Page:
Commissioner Randy Ambrosie and the CFL are finally back in the football business.
The CFL kicks off the ‘21 season Thursday night, its first action since the 2019 Grey Cup game. The league cancelled its plans for an abbreviated 2020 season due to the COVID-19 pandemic.
The shortened 2021 campaign will consist of 14 regular-season games rather than the usual 18 and will open with Hamilton visiting Winnipeg.
The two clubs met in the last CFL game played, that being the 2019 Grey Cup game as the Blue Bombers defeated the Tiger-Cats 33-12 on Nov. 24, 2019 in Calgary for their first CFL title since 1990.
The Bombers will unfurl their championship banner before Thursday night’s contest at IG Field.
And the Bombers will be allowed to have a sellout gathering so long as fans are fully vaccinated, as per Manitoba Public Health protocols. Manitoba is the lone province to make it mandatory for fans attending games to have received both of the COVID-19 shots.
“It’s been a long and, at times, tough road,” Ambrosie said. “I’d say it has been the toughest stretch of my career, but I feel like I’ve learned a lot and I actually feel like I’ve grown a lot as well.
“Getting ready to play, I feel a great sense of satisfaction. I think about how great it is for the players to be getting ready to play a season and the coaches who have been sitting on a shelf with a love and passion for our game … how great it is for them. I just have this great feeling of happiness literally for everyone because it’s what we’ve been waiting for.”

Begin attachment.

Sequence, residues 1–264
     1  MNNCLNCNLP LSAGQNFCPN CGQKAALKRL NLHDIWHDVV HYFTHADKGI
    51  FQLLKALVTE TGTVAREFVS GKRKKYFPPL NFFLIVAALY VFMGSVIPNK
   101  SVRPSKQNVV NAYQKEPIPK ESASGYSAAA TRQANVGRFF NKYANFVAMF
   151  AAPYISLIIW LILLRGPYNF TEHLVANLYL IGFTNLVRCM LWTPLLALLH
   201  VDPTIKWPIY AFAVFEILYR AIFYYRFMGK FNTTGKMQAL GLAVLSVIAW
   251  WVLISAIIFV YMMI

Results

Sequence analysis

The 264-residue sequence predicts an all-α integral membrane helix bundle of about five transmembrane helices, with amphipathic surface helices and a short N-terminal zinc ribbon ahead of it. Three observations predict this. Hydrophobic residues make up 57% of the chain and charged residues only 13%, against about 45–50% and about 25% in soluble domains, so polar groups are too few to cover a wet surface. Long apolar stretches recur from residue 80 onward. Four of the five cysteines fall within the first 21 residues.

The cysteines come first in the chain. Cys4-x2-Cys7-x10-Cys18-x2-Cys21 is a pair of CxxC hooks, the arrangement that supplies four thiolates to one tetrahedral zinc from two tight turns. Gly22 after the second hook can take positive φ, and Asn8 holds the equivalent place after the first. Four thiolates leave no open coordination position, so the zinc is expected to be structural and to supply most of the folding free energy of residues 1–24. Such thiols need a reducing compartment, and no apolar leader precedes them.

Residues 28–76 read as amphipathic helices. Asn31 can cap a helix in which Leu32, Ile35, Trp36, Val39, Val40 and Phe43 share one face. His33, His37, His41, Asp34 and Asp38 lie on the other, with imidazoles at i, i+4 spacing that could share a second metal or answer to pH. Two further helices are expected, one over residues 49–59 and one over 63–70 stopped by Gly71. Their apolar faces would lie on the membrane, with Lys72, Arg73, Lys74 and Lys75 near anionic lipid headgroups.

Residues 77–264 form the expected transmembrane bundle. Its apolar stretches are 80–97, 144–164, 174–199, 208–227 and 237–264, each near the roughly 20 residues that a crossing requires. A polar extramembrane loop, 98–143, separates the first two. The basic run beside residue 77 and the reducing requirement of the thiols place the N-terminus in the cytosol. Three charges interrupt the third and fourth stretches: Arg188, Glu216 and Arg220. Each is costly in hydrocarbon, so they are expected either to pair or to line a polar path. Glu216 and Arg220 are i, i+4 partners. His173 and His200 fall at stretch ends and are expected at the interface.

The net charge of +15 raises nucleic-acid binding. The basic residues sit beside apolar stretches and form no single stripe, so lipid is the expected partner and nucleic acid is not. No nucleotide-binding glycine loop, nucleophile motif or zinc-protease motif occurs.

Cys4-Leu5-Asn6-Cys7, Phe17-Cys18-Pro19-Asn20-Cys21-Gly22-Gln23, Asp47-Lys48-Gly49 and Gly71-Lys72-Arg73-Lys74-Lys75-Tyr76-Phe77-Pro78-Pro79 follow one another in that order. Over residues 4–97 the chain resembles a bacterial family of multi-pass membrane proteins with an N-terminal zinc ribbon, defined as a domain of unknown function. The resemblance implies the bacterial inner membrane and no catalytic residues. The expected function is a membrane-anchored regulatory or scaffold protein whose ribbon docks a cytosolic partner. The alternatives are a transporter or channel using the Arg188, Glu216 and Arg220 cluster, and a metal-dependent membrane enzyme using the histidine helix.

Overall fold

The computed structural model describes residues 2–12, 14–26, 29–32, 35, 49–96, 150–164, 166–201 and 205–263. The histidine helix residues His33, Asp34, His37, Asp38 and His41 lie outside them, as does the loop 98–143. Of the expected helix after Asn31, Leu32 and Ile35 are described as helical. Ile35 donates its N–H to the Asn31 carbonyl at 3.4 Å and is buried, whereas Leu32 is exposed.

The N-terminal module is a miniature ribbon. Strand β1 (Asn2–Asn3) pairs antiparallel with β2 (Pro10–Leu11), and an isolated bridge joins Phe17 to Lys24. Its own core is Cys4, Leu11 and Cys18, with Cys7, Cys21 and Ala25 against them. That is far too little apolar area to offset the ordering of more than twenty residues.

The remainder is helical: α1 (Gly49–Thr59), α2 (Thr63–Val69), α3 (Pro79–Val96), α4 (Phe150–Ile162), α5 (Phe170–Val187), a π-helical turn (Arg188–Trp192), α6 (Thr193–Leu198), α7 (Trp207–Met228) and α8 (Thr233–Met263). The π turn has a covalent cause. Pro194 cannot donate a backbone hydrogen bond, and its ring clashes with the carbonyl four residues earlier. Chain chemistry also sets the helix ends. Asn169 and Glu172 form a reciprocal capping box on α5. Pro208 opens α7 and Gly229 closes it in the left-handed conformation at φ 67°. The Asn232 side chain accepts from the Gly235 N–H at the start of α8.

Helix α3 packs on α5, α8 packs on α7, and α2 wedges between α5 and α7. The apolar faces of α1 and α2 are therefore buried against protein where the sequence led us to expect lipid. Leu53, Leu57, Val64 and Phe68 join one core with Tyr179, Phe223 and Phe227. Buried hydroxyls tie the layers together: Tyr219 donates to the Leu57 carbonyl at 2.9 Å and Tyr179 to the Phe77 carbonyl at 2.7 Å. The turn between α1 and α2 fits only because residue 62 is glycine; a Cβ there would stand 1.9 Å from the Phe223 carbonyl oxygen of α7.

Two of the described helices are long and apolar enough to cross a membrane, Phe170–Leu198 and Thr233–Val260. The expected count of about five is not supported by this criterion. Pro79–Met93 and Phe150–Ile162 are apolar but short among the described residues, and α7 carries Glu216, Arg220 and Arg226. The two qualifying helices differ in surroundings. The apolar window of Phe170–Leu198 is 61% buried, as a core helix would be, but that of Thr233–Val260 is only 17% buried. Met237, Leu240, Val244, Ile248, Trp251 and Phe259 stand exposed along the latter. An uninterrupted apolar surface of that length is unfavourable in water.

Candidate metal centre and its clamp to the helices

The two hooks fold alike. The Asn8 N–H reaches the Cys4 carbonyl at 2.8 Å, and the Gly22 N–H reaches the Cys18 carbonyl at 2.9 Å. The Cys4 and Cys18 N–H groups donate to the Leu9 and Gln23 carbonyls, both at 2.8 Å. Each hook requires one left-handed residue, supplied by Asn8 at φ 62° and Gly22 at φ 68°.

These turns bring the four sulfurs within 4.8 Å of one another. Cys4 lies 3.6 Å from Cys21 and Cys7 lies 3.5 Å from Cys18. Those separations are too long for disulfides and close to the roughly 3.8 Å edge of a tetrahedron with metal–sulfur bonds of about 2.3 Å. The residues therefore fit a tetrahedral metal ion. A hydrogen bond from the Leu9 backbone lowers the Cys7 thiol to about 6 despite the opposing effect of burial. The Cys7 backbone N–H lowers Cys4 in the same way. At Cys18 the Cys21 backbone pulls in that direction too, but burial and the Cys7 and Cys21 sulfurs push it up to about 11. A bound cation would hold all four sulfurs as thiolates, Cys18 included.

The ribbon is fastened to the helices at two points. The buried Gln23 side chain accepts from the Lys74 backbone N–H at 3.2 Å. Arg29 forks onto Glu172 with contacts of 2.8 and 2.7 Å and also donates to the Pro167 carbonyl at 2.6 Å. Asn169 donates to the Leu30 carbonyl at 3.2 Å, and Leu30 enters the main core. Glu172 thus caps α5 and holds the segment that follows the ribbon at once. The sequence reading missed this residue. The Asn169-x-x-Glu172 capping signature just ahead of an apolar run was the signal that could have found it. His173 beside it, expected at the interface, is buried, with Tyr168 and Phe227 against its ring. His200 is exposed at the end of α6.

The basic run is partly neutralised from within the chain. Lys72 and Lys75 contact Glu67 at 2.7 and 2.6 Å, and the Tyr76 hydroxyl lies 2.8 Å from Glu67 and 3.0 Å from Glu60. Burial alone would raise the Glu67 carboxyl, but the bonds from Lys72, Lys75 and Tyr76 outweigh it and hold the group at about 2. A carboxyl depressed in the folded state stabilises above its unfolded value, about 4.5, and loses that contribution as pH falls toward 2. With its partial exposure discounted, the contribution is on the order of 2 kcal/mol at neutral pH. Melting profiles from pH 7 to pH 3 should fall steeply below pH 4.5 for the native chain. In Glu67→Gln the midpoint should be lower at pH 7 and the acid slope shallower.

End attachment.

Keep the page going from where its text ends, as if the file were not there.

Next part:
On Friday night, the Saskatchewan Roughriders host the B.C. Lions before a Mosaic Stadium sellout. The opening week of action concludes Saturday with the Calgary Stampeders entertaining the Toronto Argonauts before the Edmonton Elks host the Ottawa Redblacks.
Hamilton receiver Brandon Banks was the CFL’s outstanding player in 2019 after registering 112 catches for 1,550 yards and 13 TDs. Banks said it might take players a little bit to regain their form given the layoff and teams not playing exhibition games this year.
“It’s been a long time off without playing a game,” said Banks. “It’s going to be hard.
“I think it’s going to take some time (for offences) to get clicking.”
ESPN will again carry all CFL games this season _ including playoffs and the Grey Cup _ south of the border on its various networks. ESPN’s relationship with the league originated in 1980.
Not playing in 2020 came at a significant cost to the CFL. A source has said the league lost between $60 million and $80 million last year by not staging games.
The source has been granted anonymity because the CFL has never revealed its 2020 financial figures. But the league’s three community-based clubs (Saskatchewan, Edmonton and Winnipeg) — which have traditionally turned profits annually — lost more than $21 million combined last year.
While Winnipeg’s Mike O’Shea and Hamilton’s Orlondo Steinauer both return to the sidelines with their respective clubs, four CFL coaches will be in new roles this year.
Rick Campbell will make his B.C. coaching debut after having served six seasons with Ottawa (2014-19). Paul LaPolice begins his Redblacks tenure, but has previous head-coaching experience with Winnipeg (2010-12).